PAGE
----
# An upper bound for an exponential series

For $$x \in \mathbb{R}$$ consider the series $$F(x)= \sum\limits_{n \in \mathbb{Z} } \exp \left (- \left (x-\frac{n}{2} \right)^2 \right )$$. I need to prove that there exists a constant $$C$$ such that $$F(x) \leq C$$ for all $$x\in \mathbb{R}$$.

I have already checked that $$F(x) = F(x- \left \lfloor{x}\right \rfloor)$$ for all $$x \in \mathbb{R}$$, so I can reduce the problem to finding an upper bound for all $$x \in [0,1]$$. And I assume that I need the monotony of $$\exp$$, but I am not sure how to proceed from here.

• It's trivial from here on. You've already shown you only need to show an upper bound for $x \in [0,1]$. And note that the maximum of $e^{-(x-t)^2}$ on $[0,1]$ is $1$ if $t \in [0,1]$, $e^{-(1-t)^2}$ for $t > 1$ and $e^{-(t)^2}$ for $t < 0$, which is a sum which converges (you can check this by the direct comparison test).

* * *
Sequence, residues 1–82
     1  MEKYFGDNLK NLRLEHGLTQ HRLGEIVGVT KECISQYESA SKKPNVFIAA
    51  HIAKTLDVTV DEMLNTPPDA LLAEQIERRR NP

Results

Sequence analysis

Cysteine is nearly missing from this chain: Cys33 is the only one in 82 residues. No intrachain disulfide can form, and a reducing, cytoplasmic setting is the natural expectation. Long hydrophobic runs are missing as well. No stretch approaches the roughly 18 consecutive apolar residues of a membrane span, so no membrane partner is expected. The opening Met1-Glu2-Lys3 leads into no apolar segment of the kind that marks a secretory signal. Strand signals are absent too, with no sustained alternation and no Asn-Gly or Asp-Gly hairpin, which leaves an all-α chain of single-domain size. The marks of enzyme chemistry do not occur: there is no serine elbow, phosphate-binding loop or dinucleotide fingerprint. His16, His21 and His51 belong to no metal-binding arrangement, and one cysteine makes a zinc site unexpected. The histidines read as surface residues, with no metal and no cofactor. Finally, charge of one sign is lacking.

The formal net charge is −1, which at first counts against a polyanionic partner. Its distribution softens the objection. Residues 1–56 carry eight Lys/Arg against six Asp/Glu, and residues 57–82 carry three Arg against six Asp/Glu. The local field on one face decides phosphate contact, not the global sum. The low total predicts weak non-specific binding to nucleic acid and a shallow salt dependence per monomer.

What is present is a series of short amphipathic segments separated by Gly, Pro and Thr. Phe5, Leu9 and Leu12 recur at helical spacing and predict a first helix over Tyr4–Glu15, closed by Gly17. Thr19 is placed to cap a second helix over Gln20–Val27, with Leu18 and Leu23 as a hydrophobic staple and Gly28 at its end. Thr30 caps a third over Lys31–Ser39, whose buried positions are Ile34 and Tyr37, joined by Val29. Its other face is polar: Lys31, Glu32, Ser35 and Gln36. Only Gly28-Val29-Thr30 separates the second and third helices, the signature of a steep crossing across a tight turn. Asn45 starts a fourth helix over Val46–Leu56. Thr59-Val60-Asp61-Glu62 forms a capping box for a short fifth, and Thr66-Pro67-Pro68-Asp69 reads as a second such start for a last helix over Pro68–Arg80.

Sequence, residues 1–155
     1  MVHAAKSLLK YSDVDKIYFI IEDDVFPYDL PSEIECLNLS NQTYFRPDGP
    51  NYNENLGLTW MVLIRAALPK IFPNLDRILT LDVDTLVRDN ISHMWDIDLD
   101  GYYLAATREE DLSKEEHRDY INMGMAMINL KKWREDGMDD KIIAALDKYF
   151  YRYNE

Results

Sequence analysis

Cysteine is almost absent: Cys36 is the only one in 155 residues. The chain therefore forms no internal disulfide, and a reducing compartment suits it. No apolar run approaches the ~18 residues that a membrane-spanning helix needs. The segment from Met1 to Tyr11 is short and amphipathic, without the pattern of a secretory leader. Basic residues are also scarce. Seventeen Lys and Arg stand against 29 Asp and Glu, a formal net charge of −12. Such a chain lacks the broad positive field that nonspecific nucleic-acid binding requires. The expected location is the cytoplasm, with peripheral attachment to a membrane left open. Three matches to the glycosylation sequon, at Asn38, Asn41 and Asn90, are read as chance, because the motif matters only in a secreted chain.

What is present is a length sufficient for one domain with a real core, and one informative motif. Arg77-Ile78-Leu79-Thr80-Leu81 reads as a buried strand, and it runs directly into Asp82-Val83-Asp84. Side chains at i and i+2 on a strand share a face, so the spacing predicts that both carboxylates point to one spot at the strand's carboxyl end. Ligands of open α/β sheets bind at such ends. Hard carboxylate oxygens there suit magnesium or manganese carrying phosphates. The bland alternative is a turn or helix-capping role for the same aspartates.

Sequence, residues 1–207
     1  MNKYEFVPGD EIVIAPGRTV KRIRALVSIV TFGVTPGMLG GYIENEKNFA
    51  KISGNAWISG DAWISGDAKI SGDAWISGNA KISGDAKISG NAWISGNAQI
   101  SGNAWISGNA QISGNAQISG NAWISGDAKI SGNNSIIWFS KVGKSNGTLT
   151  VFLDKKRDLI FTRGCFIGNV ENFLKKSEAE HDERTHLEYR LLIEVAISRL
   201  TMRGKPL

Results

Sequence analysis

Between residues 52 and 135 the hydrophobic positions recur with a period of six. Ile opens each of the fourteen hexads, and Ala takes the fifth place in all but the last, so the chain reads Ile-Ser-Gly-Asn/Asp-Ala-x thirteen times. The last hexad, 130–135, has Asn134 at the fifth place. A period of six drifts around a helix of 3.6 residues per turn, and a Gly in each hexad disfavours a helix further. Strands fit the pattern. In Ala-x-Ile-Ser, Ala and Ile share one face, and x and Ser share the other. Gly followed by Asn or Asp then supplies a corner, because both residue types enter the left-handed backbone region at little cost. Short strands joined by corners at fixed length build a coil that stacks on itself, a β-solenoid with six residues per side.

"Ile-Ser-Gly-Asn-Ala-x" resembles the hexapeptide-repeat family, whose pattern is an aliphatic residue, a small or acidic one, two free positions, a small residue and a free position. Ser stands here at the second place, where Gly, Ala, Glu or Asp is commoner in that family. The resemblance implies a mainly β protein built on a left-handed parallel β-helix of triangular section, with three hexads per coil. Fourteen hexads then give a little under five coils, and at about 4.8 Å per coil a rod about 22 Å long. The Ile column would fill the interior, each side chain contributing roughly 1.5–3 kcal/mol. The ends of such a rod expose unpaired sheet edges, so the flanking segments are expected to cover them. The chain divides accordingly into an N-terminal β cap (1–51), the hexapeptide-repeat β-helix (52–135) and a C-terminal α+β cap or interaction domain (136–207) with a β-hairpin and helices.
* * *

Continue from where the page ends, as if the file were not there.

– Anon
Dec 28, 2022 at 17:43
• As always(?), virtually all you need about the exponential function is $\exp x\ge 1+x$ Dec 28, 2022 at 21:16

Let $$x \in \mathbb{R}$$. One has $$F(x)= \sum_{n \in \mathbb{Z}} \exp\left( -\dfrac{1}{4}(2x-n)^2 \right)$$
Substituting $$k=\lfloor 2x \rfloor -n$$, you get $$F(x)= \sum_{k \in \mathbb{Z}} \exp\left( -\dfrac{1}{4}(k+\lbrace 2x \rbrace)^2 \right), \quad \text{where } \lbrace 2x \rbrace = 2x - \lfloor 2x \rfloor \in [0,1[$$
So you can bound directly $$F(x)$$ by $$0 \leq F(x) \leq \sum_{k \in \mathbb{Z}} \exp\left( -\dfrac{1}{4}k^2 \right) = 1 + 2 \sum_{k =1}^{+\infty} \exp\left( -\dfrac{k^2}{4} \right)$$
• Nice way to do it. May be, you could add that this is just $\vartheta _3\left(0,\frac{1}{\sqrt[4]{e}}\right)$ Dec 29, 2022 at 10:28